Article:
A Clash of Kings

By George R. R. Martin

“Power resides only where men believe it resides. […] A shadow on the wall, yet shadows can kill. And ofttimes a very small man can cast a very large shadow.” – George R.R. Martin

The second book of the A Song of Ice and Fire series.

I finished this book two days ago, after about 2 or 3 months of having started it. It was mainly because it has so many stories and so much content you have to connect the dots so you don’t get lost further on. Also because it’s one of the longest books I’ve read and I had trouble finding time to read it.

This book picks up after the tragedy that occurs to the Stark family after the events of A Game of Thrones. A new King is crowned at King’s Landing, even though people know the throne is in the wrong hands. But not only that happens: a red comet appears in the sky, and in every corner of the Realm everyone believes it means something different. To some, it symbolises hope, to others a sign of the gods, and to others a call for revenge.

As always, George R.R. Martin takes us on a journey through every part of Westeros. On this book, he took us to King’s Landing, Dragonstone, Harrenhall, and even beyond the Wall. With stories from Sansa, Tyrion, the new knight Davos, Arya, Daenerys, Bran, Catelyn and Theon, he once again told us a story of betrayal, revenge, hunger for power, and overcoming one’s limits.

We could explore more about the royal court, the Lannisters’ past, Joffrey Baratheon, and the Tyrells, as well as the struggle for power between the Baratheon brothers and the temptation of the sorceress Melisandre.I believe each character must be read beyond what is written in the book. Tyrion, for example, is the most misunderstood character I’ve read about: he was born in a time and family where people like him were mistreated and seen as less, but he definitely used that to his advantage. Also, Arya Stark’s was one of the characters with the most development in the whole book and whom I’ve connected the most with. She went from being seen as a Winterfell “Lady”, to the broken person she became at Harrenhall. Finally, Daenerys, who in a world where women are treated as less, she became a strong leader and became respected among many both Dothraki and non-Dothraki.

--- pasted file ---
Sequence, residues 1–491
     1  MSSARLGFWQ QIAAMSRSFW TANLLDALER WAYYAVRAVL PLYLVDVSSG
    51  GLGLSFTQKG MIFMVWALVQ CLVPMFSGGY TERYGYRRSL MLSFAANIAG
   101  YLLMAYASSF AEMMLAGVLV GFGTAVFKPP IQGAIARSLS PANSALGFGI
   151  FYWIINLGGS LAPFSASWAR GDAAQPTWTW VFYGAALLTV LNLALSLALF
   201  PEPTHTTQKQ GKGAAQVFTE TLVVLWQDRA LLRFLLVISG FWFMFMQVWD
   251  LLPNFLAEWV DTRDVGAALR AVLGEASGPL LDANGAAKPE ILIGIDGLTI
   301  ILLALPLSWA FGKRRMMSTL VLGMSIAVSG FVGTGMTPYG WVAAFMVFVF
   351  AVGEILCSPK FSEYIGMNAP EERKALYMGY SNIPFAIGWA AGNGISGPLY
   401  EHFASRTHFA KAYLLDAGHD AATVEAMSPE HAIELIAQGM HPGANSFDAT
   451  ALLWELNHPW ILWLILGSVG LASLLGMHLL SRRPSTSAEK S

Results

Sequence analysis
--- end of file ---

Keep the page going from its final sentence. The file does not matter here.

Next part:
One of the strong points George R.R. Martin has are his well-developed characters. I believe each of them must be read beyond what is written in the book. Tyrion, for example, is the most misunderstood character I’ve read about: he was born in a time and family where people like him were mistreated and seen as less, but he definitely used that to his advantage. Also, Arya Stark’s was the one whom I’ve connected the most with. She went from being seen as a Winterfell “Lady”, to the broken person she became at Harrenhall. Finally, Daenerys, who in a world where women are treated as less, she became a strong leader and became respected among many both Dothraki and non-Dothraki.

This book was a rollercoaster of emotions, lots of ups and downs, turns, loops and dark tunnels. I was confused in many parts and lost track of some things, but in the end it all adds up and forms a completely different story.

I give it a 4/5, and recommend it to people of ages 15+

Martin, G. (2015). A Clash of Kings. New York: Bantam Books.

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